CLEVELAND — Ron Marinaccio had emerged as the latest dependable arm out of the Yankees’ bullpen, but the right-hander will be sidelined after he was put on the 15-day injured list with right shoulder inflammation.
The move came after Marinaccio felt some discomfort during another standout performance in the 13-4 win over the Guardians to open the Yankees’ doubleheader sweep Saturday. Marinaccio entered the game to replace Aroldis Chapman with the bases loaded and no one out in the seventh and retired all three batters he faced.
But his velocity was down, and now he has been shut down after experiencing what manager Aaron Boone called a “dead arm.”
It’s an ill-timed potential setback for the 27-year-old, who said his shoulder hadn’t been right in about a week.
“That’s kind of part of wanting to push through it, knowing my situation as well, trying to battle and stick on the roster,’’ Marinaccio said.
His results remained strong.
Since being recalled from Triple-A Scranton/Wilkes-Barre on May 22, Marinaccio has made 13 appearances, tossed 15 ¹/₃ scoreless innings and allowed just one hit and eight walks.
“We were going to try to push through it,’’ Marinaccio said of the discomfort. “But at this point of my career and where we are right now in a little bit of a stretch… where I’d kind of have to push through it and throw multiple times. I think we’re just going to play it safe.”
Prior to the injury announcement, Boone said Marinaccio had “earned more and more of a role and is taking advantage of some opportunities.”
To make room for Chapman upon his return from the IL on Friday, the Yankees placed Miguel Castro on the paternity list, so they will have to make another roster move when Castro gets back.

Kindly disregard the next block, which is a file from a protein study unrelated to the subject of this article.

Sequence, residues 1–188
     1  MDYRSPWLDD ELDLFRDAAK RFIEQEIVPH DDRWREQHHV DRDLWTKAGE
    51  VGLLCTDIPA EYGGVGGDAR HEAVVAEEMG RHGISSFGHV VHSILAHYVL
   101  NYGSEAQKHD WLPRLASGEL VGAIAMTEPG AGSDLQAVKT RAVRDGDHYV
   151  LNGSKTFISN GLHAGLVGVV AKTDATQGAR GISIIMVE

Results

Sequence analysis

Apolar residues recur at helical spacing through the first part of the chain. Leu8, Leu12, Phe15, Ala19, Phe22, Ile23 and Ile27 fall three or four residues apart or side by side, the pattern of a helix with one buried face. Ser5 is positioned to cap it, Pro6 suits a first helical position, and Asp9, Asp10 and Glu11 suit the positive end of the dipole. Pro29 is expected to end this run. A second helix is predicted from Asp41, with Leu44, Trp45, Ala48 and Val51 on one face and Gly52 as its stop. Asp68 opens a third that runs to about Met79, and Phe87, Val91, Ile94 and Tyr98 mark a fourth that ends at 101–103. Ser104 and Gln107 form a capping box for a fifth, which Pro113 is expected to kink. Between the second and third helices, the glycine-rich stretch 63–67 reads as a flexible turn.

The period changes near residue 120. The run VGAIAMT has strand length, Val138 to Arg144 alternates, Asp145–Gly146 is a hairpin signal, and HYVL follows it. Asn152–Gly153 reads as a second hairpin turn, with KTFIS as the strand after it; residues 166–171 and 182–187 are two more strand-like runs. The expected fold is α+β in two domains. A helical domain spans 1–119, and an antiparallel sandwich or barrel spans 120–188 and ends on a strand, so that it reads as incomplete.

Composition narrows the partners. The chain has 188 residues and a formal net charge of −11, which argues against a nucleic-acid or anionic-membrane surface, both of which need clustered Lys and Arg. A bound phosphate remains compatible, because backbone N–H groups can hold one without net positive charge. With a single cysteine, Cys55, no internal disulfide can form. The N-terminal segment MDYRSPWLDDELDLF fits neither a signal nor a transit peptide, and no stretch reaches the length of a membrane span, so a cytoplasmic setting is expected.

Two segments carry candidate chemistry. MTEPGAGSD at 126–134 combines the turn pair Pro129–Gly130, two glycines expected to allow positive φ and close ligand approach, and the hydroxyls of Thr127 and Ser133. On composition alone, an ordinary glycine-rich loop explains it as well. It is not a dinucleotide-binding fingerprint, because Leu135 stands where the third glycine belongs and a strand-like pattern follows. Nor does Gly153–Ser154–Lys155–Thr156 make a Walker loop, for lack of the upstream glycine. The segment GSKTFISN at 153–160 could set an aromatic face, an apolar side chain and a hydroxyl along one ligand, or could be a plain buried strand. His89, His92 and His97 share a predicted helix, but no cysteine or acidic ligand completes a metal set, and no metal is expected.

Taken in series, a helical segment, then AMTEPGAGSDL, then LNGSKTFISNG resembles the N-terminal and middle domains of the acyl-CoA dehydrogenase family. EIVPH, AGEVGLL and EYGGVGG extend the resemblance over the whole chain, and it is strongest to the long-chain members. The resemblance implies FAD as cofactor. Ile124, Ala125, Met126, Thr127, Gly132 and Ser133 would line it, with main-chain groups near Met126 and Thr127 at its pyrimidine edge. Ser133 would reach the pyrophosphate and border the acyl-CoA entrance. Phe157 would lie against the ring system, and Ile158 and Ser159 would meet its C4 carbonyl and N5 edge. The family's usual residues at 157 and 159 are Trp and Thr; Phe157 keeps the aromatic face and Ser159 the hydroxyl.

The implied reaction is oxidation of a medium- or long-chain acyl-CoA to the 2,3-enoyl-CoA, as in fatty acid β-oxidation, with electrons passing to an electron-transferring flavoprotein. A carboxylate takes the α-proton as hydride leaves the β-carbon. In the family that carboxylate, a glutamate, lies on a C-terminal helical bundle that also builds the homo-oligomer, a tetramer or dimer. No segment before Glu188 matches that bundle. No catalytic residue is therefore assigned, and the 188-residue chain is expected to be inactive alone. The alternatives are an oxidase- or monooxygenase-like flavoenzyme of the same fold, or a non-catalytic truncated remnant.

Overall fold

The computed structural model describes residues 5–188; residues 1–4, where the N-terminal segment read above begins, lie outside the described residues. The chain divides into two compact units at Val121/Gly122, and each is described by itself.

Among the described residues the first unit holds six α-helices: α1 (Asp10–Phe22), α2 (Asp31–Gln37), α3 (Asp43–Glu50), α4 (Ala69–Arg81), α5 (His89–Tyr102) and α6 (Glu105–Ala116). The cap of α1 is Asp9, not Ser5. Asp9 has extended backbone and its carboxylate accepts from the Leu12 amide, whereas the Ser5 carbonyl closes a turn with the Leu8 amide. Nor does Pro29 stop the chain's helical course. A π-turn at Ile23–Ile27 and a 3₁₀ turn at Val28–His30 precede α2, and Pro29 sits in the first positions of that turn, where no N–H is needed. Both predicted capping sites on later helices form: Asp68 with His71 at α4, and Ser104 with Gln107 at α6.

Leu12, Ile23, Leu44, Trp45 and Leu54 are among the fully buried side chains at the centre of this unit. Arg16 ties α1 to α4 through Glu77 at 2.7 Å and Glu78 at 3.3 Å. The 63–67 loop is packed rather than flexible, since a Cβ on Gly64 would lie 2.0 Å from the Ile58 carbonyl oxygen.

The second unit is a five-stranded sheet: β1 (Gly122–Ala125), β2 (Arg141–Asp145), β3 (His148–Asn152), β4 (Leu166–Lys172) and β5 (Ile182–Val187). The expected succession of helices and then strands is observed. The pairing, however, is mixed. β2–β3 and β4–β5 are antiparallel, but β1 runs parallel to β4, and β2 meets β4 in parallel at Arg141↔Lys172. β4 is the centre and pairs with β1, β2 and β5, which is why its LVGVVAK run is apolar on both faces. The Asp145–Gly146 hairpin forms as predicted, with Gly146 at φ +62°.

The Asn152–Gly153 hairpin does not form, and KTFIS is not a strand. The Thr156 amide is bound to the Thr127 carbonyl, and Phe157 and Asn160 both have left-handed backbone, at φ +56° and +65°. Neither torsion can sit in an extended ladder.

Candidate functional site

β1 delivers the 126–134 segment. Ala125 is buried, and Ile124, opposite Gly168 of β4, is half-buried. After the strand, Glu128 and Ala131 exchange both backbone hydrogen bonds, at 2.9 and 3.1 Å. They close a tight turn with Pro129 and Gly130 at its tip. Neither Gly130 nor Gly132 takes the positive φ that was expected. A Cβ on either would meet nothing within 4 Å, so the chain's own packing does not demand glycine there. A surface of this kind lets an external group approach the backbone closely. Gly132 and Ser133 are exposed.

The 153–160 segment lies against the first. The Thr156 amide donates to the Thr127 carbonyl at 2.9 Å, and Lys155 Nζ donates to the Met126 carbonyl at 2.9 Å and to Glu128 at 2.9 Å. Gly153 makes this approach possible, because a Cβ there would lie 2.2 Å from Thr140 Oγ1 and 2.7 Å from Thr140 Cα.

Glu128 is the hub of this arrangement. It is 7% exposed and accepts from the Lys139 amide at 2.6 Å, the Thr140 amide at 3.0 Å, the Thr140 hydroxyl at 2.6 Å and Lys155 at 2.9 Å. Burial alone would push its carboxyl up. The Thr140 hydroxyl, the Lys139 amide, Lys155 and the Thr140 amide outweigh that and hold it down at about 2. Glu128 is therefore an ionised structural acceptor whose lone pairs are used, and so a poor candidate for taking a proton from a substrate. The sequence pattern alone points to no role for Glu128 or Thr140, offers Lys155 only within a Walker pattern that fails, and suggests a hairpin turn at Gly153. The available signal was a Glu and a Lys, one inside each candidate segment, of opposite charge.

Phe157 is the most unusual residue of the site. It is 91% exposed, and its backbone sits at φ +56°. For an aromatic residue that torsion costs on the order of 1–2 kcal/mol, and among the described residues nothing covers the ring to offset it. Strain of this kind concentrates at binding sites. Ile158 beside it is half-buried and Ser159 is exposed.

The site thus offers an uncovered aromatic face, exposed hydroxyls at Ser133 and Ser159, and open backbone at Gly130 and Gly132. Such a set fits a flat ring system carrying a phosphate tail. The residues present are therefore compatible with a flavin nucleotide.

Matt Carpenter was in the lineup for the first time in over a week for the first game of the doubleheader, but the lack of playing time didn’t hurt him, as he homered twice.
He now has eight homers since joining the Yankees in May. Those eight homers have come in just 51 plate appearances after Carpenter went deep seven times in 418 plate appearances over the previous two seasons with the Cardinals.
“When the guy gets to play he just hits homers,’’ Aaron Hicks said. “It’s impressive.”
Carpenter signed with the Yankees after he requested his release from the Rangers. He spent the first month-plus of the season with their Triple-A affiliate following an offseason in which Carpenter dedicated himself to regaining the swing that had made him an All-Star with the Cardinals.
Despite his confidence, Carpenter said, “I wouldn’t have imagined it to be like it has.”
He pointed to having improved his bat path, allowing his swing to remain in the strike zone longer.
The results have been dramatic.
“You’re seeing a rejuvenated guy,’’ Boone said.
But because the Yankees aren’t interested in playing him in the outfield on a regular basis, there’s no room for him in the everyday lineup.
Asked about getting him more playing time, Boone said: “We’ll see. It’s tough when we’re all healthy and going. And I love having that bullet off the bench, too.”
But Carpenter has been less effective as a pinch-hitter.
He’s 0-for-4 with three strikeouts and four walks in that role, which helps explain why he entered Saturday in a 1-for-12 funk with five strikeouts in his 16 plate appearances since a two-homer, three-RBI game against the Cubs on June 12.
On Saturday, he started the opener at first base, with DJ LeMahieu at third, but he didn’t play in the nightcap, which the Yankees won 6-1.
Joey Gallo snapped an 0-for-26 skid with a leadoff single to right to lead off the third inning of the nightcap. … Domingo German is scheduled for another rehab start with Double-A Somerset on Sunday.
— Additional reporting by Greg Joyce